As a result of the emerging new business climate in a post-Covid environment, many jobs have had to adapt into a new structure. Since many businesses have found themselves in a more digitised environment or in jobs that have been retrenched, there’s a growing need for skilled individuals in other sectors to step up.
A heavy focus has been on reskilling or upskilling employees to assist in economic recovery. It’s no longer just a recommendation for employees to be multiskilled – it’s now more necessary than ever.
Reskilling and upskilling can take place in three ways:
- Formal learning, like at university or TAFE
- Non-formal learning (learning activities that don’t result in a certificate but do result in skills)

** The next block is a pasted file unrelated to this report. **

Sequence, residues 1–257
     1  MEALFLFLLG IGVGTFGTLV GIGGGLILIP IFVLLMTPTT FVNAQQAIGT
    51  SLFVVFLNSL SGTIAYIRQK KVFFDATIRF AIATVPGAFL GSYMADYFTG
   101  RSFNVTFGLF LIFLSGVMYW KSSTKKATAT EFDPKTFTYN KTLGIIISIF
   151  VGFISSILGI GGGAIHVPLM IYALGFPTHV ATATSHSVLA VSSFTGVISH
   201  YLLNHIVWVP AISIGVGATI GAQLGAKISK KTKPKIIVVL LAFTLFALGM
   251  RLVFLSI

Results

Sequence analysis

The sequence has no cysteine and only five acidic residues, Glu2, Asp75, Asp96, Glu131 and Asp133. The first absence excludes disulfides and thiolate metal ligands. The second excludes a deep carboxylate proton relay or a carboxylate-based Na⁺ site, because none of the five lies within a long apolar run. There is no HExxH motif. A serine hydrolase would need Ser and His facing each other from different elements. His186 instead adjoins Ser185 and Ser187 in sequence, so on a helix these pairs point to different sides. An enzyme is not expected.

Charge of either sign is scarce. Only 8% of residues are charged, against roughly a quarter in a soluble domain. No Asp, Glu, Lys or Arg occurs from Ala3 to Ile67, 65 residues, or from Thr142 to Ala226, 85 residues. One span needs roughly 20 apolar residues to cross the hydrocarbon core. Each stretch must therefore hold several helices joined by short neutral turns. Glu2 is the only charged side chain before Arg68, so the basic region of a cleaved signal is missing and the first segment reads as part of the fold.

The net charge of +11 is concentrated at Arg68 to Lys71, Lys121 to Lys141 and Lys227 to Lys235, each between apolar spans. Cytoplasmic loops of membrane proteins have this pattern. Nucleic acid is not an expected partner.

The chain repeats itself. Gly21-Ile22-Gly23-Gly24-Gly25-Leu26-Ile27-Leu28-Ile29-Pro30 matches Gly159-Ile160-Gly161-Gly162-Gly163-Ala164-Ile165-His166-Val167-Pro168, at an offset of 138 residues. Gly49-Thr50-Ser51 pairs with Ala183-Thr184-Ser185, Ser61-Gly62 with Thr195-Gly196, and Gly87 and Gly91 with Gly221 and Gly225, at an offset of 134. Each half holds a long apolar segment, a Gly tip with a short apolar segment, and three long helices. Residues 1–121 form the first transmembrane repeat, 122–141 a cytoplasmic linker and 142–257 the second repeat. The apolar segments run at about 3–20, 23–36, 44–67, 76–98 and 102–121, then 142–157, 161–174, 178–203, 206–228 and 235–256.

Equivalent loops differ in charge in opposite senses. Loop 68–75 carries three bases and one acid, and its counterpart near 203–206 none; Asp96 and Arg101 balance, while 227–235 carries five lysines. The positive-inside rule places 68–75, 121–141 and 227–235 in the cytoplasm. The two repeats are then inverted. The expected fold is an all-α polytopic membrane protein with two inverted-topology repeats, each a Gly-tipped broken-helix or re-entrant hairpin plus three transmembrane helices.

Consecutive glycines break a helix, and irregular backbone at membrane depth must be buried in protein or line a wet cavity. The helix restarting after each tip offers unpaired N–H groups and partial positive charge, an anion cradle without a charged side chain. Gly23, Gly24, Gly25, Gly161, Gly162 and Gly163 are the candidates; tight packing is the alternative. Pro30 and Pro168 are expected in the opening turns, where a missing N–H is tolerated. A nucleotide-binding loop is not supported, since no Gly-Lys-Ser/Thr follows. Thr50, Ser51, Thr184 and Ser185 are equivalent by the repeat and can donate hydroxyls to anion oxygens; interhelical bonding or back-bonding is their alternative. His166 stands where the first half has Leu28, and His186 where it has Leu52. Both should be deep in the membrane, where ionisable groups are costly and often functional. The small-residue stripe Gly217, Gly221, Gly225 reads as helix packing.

- Informal learning (learning from colleagues, supervisors etc)
This can then lead to either viable transitions in employment, or desirable transitions in employment.
- A viable job transition involves moving from one job to another that is highly similar in terms of required knowledge, skills, abilities, work activities, education levels and experience.
- A desirable transition for a job seeker or worker would result in higher wages in a field of work that is expanding rather than declining
There are many schemes available to employees and employers that can assist in upskilling. Employees may look into:
- Fee-free courses (such as those that are TAFE or university endorsed)
- Online workshops
- Short courses
- Certification (such as first aid or RSA)
Employers can also look into funding schemes from the government to help support their employees during this time.